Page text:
View details for DOI 10.1016/j.cels.2022.08.003

    View details for PubMedID 36057257

  • Discovery of potent and selective CSNK1A1 inhibitors for solid tumor therapy Corsello, S. M., Zhang, H., Rupaimoole, R., Schulze, V. K., Lemos, C., Handing, K. B., Orsi, D. L., Shekhar, M., Sack, U., Christian, S., Bone, W., Humeidi, R., Colgan, W., Hoyt, S., Cherniack, A., Schroder, J., Kaulfuss, S., Brzezinka, K., von Ahsen, O., Mengel, A., Hillig, R. C., Suelzle, D., Mortier, J., Harrington, C., Nagari, R., Wierzbinska, J., Chiang, D., Beckmann, G., Olive, M., Udeshi, N., Apffel, A., Carr, S., Lienau, P., Lechner, C., Boemer, U., Caliman, A., McKinney, D., Wagner, F., Mumberg, D., Bauser, M., Haegebarth, A., Eis, K., Eheim, A., Golub, T. R. AMER ASSOC CANCER RESEARCH. 2022
  • RNF43 G659fs is an oncogenic colorectal cancer mutation and sensitizes tumor cells to PI3K/mTOR inhibition. Nature communications Fang, L., Ford-Roshon, D., Russo, M., O'Brien, C., Xiong, X., Gurjao, C., Grandclaudon, M., Raghavan, S., Corsello, S. M., Carr, S. A., Udeshi, N. D., Berstler, J., Sicinska, E., Ng, K., Giannakis, M. 2022; 13 (1): 3181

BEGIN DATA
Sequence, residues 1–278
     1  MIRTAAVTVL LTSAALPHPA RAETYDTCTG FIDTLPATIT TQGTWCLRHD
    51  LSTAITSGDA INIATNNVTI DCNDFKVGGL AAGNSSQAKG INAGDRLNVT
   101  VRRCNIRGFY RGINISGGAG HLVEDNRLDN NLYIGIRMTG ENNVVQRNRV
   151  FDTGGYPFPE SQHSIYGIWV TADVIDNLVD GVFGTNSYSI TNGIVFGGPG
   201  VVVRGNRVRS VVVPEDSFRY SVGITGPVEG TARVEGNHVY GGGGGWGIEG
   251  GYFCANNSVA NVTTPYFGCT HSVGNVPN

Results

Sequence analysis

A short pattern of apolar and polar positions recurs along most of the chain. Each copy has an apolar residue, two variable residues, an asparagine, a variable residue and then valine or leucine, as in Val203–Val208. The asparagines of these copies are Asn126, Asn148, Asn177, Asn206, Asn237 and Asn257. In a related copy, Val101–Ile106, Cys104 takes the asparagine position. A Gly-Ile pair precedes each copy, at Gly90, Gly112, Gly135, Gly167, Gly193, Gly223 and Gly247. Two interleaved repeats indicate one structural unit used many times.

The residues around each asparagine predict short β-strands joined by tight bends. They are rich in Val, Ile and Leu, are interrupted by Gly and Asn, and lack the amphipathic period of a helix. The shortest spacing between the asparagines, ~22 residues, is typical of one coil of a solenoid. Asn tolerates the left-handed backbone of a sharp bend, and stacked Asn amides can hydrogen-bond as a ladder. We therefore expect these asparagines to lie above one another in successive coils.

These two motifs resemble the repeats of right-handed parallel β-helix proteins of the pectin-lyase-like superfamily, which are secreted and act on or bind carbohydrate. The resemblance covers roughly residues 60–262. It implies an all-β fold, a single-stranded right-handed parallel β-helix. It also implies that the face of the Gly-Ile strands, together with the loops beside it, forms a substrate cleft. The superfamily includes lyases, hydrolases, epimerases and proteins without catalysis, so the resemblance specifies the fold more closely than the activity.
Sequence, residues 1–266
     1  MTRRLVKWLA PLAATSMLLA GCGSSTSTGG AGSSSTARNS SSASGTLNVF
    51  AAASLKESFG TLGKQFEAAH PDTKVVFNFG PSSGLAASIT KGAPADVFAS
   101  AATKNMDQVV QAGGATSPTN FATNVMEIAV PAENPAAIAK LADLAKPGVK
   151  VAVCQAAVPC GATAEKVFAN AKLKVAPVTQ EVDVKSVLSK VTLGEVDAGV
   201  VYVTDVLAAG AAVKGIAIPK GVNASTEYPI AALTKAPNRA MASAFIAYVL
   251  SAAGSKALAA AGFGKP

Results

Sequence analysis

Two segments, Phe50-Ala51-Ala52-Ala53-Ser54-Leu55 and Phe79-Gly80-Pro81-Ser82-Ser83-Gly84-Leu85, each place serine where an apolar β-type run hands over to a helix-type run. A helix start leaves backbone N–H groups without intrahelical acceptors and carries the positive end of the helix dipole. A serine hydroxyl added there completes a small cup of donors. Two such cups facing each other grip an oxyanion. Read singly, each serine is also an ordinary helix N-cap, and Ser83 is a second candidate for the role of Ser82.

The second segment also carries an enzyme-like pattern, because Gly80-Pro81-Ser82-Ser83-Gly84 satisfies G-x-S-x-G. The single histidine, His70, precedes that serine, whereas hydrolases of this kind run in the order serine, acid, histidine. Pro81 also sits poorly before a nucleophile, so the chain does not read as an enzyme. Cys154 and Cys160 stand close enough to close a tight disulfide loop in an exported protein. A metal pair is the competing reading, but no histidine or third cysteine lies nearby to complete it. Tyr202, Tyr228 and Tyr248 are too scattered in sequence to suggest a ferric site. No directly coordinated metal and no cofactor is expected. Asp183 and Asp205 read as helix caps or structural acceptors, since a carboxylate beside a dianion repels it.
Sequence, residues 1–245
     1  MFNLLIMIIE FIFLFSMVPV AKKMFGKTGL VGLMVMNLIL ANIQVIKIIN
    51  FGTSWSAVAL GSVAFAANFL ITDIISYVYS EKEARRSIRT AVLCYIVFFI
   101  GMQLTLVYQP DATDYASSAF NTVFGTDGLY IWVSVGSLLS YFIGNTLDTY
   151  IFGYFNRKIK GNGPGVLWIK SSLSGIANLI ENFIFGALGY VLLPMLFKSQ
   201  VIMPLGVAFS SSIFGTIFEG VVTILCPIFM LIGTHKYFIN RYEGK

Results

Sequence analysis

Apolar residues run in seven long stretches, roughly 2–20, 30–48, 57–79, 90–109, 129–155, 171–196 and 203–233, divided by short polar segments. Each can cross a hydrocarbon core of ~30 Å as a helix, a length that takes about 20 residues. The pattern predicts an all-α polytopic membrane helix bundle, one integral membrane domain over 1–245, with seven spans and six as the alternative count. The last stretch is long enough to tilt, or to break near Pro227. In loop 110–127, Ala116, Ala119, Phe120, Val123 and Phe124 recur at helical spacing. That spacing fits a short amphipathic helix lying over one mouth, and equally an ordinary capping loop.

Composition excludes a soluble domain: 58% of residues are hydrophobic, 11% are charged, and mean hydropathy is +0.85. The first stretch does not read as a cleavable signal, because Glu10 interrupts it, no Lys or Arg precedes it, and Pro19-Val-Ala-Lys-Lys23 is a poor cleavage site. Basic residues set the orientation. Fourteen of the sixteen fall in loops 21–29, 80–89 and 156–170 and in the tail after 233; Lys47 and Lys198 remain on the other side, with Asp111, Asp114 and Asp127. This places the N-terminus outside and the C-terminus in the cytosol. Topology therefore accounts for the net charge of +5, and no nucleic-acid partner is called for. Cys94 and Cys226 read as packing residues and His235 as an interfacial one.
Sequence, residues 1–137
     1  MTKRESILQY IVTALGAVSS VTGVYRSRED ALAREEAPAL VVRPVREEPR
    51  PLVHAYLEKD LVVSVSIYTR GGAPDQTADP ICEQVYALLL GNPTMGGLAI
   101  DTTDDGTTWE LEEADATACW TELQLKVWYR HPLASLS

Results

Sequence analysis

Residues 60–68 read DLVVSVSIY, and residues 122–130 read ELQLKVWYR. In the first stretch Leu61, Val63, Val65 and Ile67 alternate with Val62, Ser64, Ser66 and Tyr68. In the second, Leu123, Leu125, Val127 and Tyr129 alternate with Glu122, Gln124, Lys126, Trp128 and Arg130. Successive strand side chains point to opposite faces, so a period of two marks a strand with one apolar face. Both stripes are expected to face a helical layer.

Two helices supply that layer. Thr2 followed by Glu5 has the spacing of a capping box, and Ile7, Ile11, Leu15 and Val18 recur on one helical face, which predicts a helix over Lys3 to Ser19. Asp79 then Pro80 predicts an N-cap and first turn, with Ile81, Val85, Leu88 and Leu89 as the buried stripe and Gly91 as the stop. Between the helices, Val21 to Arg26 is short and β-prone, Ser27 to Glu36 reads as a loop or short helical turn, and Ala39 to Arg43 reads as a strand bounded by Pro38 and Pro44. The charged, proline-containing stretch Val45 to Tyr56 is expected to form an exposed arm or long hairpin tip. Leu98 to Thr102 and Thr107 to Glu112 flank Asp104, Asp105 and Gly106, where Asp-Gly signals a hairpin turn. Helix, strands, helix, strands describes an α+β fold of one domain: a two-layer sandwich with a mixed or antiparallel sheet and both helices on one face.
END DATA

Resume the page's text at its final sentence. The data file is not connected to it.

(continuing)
The RNF43_p.G659fs mutation occurs frequently in colorectal cancer, but its function remains poorly understood and there are no specific therapies directed against this alteration. In this study, we find that RNF43_p.G659fs promotes cell growth independent of Wnt signaling. We perform a drug repurposing library screen and discover that cells with RNF43_p.G659 mutations are selectively killed by inhibition of PI3K signaling. PI3K/mTOR inhibitors yield promising antitumor activity in RNF43659mut isogenic cell lines and xenograft models, as well as in patient-derived organoids harboring RNF43_p.G659fs mutations. We find that RNF43659mut binds p85 leading to increased PI3K signaling through p85 ubiquitination and degradation. Additionally, RNA-sequencing of RNF43659mut isogenic cells reveals decreased interferon response gene expression, that is reversed by PI3K/mTOR inhibition, suggesting that RNF43659mut may alter tumor immunity. Our findings suggest a therapeutic application for PI3K/mTOR inhibitors in treating RNF43_p.G659fs mutant cancers.